Among the options now being considered by broadcast executives is a reduction in staffing at the Democratic convention, with some news staff being asked to stay back in New York or Washington instead of traveling to Denver — though that is a measure the networks hope to avoid.
The potential limiting of network coverage poses a problem for the presumptive Democratic nominee because traditionally, in the past, there has been some separation between the Democratic convention and the Republican convention. In that time after the Democratic nominee is officially crowned, so to speak, they generally receive massive coverage which helps with the "convention bounce" otherwise known as a poll number bounce.
The convention bounce defined is:
A presidential candidate's surge in popularity immediately following his formal nomination at a national convention, with all the attendant media coverage and public interest.
This year, unlike previous years, the Republican convention in Minneapolis-St. Paul, begins on Sept. 1, 2008, which is just four days after the Democratic convention ends,
The Democratic leaders were so concerned with that loss of "bounce" that they even seriously considered knocking one day off the Democratic convention to give their Obama one additional day to "capitalize" on the convention.
Network coverage is extremely important during the convention as well as the days after the convention because four days later, the networks will all be covering the Republican convention.
The LA Times goes to report that inside the Democratic circles there is growing speculation that John McCain will seize the spotlight even before that four day period between conventions by announcing his running mate after the Democratic convention and before the Republican convention starts.
The person quoted in that piece is the man who managed Bob Dole's presidential bid in 1996, Scott Reed, who said, "I'd expect McCain to name his choice on the Friday after the Democratic convention. It would be a good way to quash Obama's bounce."
Time will tell what decisions the broadcasting networks will make, but limiting the coverage when there is already a considerable shortening of the time to take advantage of polling bounce for the Democratic nominee, may prove that the late change in venue of where Obama will give his acceptance speech, might have been a counterproductive decision in the long run.
Posted: 09 Jul 2008 09:02 AM CDT
From the CBC:
Now, of course the war resisters are up in arms (yes, pun intended....lol) and going to be rallying etc...blah blah blah. If you want to know more about Long and his fellow American war resisters, go here.
I understand about having principles and all, really I do. But again, I read that Long received orders to Iraq in 2005. No military genius here, but that tells me he signed on with the military after we had gone to Iraq. What did he think he would be doing in the military? Basketweaving? And, if he is that adamant that the war in Iraq is wrong, why NOT stay in the US and go a legal route? Ya know, like stand by his principles? There appear to be more than a few lawyers willing to step up and defend him.
The insanity continues!
Posted: 09 Jul 2008 07:41 AM CDT
File this under: "Something new I learned today." Despite Obama smearing anyone else who talks about race - apart from him of course - as racist, it seems there really IS a group called "The Race." Michelle Malkin has a column up at Family Security Matters, and it is an eye-opener:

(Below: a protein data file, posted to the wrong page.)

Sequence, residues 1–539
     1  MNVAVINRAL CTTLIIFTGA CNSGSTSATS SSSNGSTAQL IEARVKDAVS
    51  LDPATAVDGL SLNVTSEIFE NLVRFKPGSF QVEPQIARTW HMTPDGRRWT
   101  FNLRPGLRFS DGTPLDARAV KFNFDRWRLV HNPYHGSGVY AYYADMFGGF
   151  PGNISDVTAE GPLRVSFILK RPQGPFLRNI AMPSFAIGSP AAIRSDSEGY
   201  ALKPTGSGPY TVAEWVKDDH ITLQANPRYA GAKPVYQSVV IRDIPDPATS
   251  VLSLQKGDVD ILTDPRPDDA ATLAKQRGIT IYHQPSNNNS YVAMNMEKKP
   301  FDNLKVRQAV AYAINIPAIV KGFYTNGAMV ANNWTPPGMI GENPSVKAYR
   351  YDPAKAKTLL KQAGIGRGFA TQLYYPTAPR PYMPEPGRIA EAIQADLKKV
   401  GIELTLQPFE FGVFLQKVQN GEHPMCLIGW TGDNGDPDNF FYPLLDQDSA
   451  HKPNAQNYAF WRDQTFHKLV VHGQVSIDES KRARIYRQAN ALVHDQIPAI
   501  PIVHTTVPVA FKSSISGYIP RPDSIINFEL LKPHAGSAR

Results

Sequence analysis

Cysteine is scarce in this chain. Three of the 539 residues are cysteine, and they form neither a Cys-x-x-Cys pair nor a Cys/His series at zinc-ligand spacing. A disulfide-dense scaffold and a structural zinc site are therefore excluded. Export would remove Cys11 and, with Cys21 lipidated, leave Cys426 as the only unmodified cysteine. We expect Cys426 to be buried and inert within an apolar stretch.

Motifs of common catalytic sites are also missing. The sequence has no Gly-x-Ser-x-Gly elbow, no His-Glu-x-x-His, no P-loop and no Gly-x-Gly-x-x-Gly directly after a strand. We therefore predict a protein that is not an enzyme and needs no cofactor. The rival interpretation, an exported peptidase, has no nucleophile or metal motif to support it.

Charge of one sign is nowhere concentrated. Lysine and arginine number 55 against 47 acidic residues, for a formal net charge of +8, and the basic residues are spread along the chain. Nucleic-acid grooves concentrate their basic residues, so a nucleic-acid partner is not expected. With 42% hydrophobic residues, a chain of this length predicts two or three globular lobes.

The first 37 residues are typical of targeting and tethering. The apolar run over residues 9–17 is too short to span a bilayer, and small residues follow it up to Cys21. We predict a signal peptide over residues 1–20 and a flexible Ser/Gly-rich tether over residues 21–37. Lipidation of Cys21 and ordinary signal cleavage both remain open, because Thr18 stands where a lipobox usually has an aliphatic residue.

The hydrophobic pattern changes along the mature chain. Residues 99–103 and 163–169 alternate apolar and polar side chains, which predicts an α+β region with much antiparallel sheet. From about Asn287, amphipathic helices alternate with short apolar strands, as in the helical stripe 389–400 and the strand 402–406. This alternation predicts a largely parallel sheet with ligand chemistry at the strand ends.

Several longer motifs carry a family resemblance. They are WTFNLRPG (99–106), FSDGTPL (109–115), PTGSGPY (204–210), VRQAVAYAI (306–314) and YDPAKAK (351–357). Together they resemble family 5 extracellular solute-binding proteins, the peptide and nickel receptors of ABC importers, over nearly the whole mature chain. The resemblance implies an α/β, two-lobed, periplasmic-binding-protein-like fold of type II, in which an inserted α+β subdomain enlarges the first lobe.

Every American should read the rest of this here.
Cross-posted in all the usual places ;)
Posted: 08 Jul 2008 08:22 PM CDT
In a case dating back to 2004, when a patient awoke and discovered that Doctor. Naum Ciomu had made a "surgical error" while operating on the man's testicles and mistakenly severed his penis instead of making an incision to the testicle itself.
In Romania, a Doctor has been fined $795,000 for accidentally severing a patients penis during a surgical procedure, calling it an "error".
Four years later, July 4, 2008, it was reported that the Romanian Bucharest Magistrates Court has ordered the surgeon to pay the patient $795,000 for the error and a suspended prison sentence of one year.
The man underwent further surgery where they used a piece of his arm muscle to attach to where his penis used to be. The new muscle is not functional.
The lawyer to the 33 year old man says that one does not have to be an expert to understand that the patient is "isn't in a good state of mind."
After reading about this, I looked to see if there was any further information and found that this isn't the first time a medical mistake like this has happened.
In a case that happened in 1999 but was later settled in 2003, in Texas, a 67 year-old man, Hurshell Ralls, woke up after having surgery to remove a cancerous bladder, which would have included the removal of his prostate gland.
It was alleged the doctors in that case mistakenly thought the cancer had spread to Ralls' penis, which pathology tests later showed no signs of cancer, although those tests were disputed by attorneys for the doctors..
Ralls' initiated a $ 5 million lawsuit and the case was settled out of court with the doctors not having to admit any wrongdoing and no monetary disclosure was reported to know how much Ralls was paid in the settlement.
Imagine waking up from surgery to look down and find you didn't have a penis anymore just to hear it called a "surgical error".
Posted: 08 Jul 2008 02:42 PM CDT
The hard place are the Republicans who want an alternative to the Democrats energy bill, and the Republicans have the majority of the public behind them in wanting to expand offshore drilling.
The rock is that there are many in the Democratic caucus that agree and want to drill where the Republicans want to drill and the Democrats are running so scared of having to vote on the Republican's alternatives, so they simply aren't even scheduling the energy measure for floor action, according to The Hill.
No matter what polls you look at, the majority of the American public agree with the Republicans about drilling here, drilling now.
Reported on June 26, 2008, the InsiderAdvantage/Poll, asks "Do you favor or oppose increased exploration and production of oil and natural gas off the coasts of Florida?"
Zogby- June 26, 2008: "74 percent support offshore oil drilling in U.S."
The Hill, today: